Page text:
In this brief guide, we will cover what you should consider when moving in with a partner who has a mortgage.

What to consider when moving in with a partner who has a mortgage

When moving in with a partner who has a mortgage there are some considerations you need to have taken.

You may want to consider if your rights differ as a cohabiting couple from those of a married couple.

When you move into your partner’s house but aren’t married this is known as cohabitation.

Do I need to tell my mortgage company if my partner moves in?

Yes, you should inform your mortgage company if your partner moves in as your partner may need to sign a form stating she is aware of the mortgage and claims no future interest in the property.

This will make it easier for the mortgage lender if they had to repossess the property. This also protects your interests in the property.

What is cohabitation?

Cohabitations is when you live with someone you aren’t married to. When cohabiting you will have different rights than someone who you are married to. Your rights will also change depending on if you have children and how old they are.

The rights each of you have will also depend on if you are both in the mortgage agreement or just one of you.

When you move in with a partner who has a mortgage you have no rights or claims over their mortgage and if they die you will still have no rights or claims over their mortgage except they have stated so in their will.

Becoming a joint owner with your partner after moving in

The only way you can have any claim after moving in with a partner who has a mortgage is to ask them to be joint mortgage holders.

To do this the mortgage lender will also have to agree to it and may need to perform a mortgage affordability test on you to see if you would be able to keep up the monthly mortgage repayments should anything happen to your partner.

This may not be the only basis on which they will add you as a joint owner as they may still add you as a joint owner on the property if your partner is still able to maintain the monthly mortgage repayments.

When you transfer a property or add someone as a joint owner there may be some tax implications and you should seek tax advice on this.

When you become a joint owner you could either own equal shares as your partner or have unequal shares based on what you decide.

You and your partner will both have to seek independent legal advice when becoming joint owners.

In some cases, your partner may not want to add you to the mortgage on their property. 

Both parties should still seek independent legal advice when someone moves in with their partner who has a mortgage.

What you should consider when you move in with a partner who has a mortgage?

When you move in with a partner who has a mortgage or your partner moves into your home and you have a mortgage you should obtain a cohabitation agreement to govern the parties’ respective obligations and interests in the property.

Cohabitation agreements work based on trust laws and you must be very careful not to fall into any trusts you didn’t intend to.

If your partner pays for the mortgage or pays for home improvements which have increased the value of the property then they may have an interest in the property.

A cohabitation agreement will go a long way but may not solve every problem.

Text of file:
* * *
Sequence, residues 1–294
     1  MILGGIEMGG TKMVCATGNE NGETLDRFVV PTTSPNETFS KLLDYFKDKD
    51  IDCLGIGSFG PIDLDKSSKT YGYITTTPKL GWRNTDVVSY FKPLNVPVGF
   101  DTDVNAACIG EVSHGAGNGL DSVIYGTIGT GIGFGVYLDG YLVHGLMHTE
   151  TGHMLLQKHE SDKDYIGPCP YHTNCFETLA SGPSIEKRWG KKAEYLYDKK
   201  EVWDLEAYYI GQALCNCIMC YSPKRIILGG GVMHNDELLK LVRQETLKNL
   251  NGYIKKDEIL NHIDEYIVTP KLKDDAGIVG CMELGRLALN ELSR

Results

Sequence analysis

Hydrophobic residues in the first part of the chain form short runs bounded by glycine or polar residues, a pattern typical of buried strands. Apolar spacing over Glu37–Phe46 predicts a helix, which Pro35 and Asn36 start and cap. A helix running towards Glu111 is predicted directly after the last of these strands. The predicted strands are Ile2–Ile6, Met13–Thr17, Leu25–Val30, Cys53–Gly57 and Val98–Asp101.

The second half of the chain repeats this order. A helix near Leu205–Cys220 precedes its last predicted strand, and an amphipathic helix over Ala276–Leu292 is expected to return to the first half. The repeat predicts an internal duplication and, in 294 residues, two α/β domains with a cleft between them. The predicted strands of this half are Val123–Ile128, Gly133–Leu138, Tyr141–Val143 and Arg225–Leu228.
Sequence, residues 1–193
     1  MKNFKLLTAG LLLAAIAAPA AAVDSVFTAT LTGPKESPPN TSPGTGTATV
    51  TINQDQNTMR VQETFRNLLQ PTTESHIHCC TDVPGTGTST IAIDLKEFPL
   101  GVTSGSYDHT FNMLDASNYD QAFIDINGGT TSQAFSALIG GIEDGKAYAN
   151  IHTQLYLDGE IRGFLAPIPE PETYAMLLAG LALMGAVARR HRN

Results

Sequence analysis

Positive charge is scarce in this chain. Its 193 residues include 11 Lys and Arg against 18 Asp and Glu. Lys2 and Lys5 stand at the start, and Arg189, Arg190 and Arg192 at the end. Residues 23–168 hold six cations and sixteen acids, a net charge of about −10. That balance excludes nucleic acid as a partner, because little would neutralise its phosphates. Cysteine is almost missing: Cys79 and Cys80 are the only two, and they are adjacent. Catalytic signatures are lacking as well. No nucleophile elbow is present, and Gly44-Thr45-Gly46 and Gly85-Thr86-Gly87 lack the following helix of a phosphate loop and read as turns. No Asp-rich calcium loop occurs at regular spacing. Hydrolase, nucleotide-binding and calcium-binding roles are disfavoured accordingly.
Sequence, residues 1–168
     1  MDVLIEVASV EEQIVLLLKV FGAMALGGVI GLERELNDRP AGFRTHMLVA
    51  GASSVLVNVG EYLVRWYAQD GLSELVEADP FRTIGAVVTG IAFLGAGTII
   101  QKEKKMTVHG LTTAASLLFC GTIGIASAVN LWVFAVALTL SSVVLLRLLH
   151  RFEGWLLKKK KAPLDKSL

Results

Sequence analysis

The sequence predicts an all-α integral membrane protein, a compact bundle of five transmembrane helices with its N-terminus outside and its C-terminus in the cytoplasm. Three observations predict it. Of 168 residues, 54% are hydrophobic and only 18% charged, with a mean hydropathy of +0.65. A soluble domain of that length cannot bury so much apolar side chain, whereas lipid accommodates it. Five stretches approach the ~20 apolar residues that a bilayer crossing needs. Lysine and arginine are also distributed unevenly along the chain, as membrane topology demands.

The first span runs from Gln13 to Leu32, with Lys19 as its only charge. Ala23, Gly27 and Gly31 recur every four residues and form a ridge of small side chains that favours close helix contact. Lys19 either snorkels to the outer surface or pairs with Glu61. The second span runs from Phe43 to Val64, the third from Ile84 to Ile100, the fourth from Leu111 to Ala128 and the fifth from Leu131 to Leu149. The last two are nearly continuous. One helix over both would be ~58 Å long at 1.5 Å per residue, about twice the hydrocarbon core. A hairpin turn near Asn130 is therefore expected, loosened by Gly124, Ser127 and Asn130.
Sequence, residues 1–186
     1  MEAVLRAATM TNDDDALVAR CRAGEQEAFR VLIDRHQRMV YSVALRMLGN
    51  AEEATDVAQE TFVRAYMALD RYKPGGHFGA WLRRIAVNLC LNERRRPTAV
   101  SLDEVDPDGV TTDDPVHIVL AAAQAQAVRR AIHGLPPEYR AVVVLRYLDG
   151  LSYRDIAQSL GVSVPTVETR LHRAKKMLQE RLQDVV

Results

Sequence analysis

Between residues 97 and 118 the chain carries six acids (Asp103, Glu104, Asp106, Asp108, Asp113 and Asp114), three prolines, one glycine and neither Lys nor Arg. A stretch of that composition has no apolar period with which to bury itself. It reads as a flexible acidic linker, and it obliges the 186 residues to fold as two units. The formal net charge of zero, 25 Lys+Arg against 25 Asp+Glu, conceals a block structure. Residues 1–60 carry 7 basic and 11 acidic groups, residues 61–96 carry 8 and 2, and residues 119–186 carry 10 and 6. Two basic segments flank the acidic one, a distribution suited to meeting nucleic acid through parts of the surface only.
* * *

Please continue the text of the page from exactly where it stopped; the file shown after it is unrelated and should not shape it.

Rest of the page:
You should ask your solicitor any questions in regards to specific issues that may concern you and get thorough advice.

What to consider when living with a partner who owns the house

Typically when you and your partner live together but they own the house you will usually have much fewer rights to live in the property than if you were their husband or wife, a civil partner or had a joint mortgage.

There are several other things you may want to take into consideration when living with a partner who owns the house.

We have already highlighted the need for a cohabitation agreement and seeking legal advice.

A few other things you should know:

  • Although you may not have cohabitation right sin the property if you are living with a partner who owns the house, you could still have a beneficial interest in the property if you have paid rent, paid towards the mortgage or paid towards renovation costs. You may, therefore, be able to claim against the value of the home and any subsequent rise in equity sine you have resided at the home. This will not give you the right to reside in the property.
  • You should ensure whatever agreements you come to are put in writing.
  • You should consider drafting up wills so if you died the shares in your property will go to the appropriate person.
  • Moving in together does not mean you have a common-law partner or a common-law marriage. You will not have the same rights as a married couple.
  • You could force your partner to sell the property in order to recoup your beneficial interest when you leave the property or split up.
  • You may be able to claim any beneficial interest you have in the property if the property is sold.
  • The level of beneficial interest you could claim will depend on what sort of contributions you made. Were these contributions towards the mortgage deposit, the monthly mortgage repayments, renovation costs or utility bills.

In this brief guide, we covered what you should consider when moving in with a partner who has a mortgage.

If you have any questions or comments please let us know.

If you need financial advice and you live in the UK then you could contact the Money Advice service over the phone or via chat for impartial advice.

You can also contact the debt charity “Step Change” if you are in debt and need help.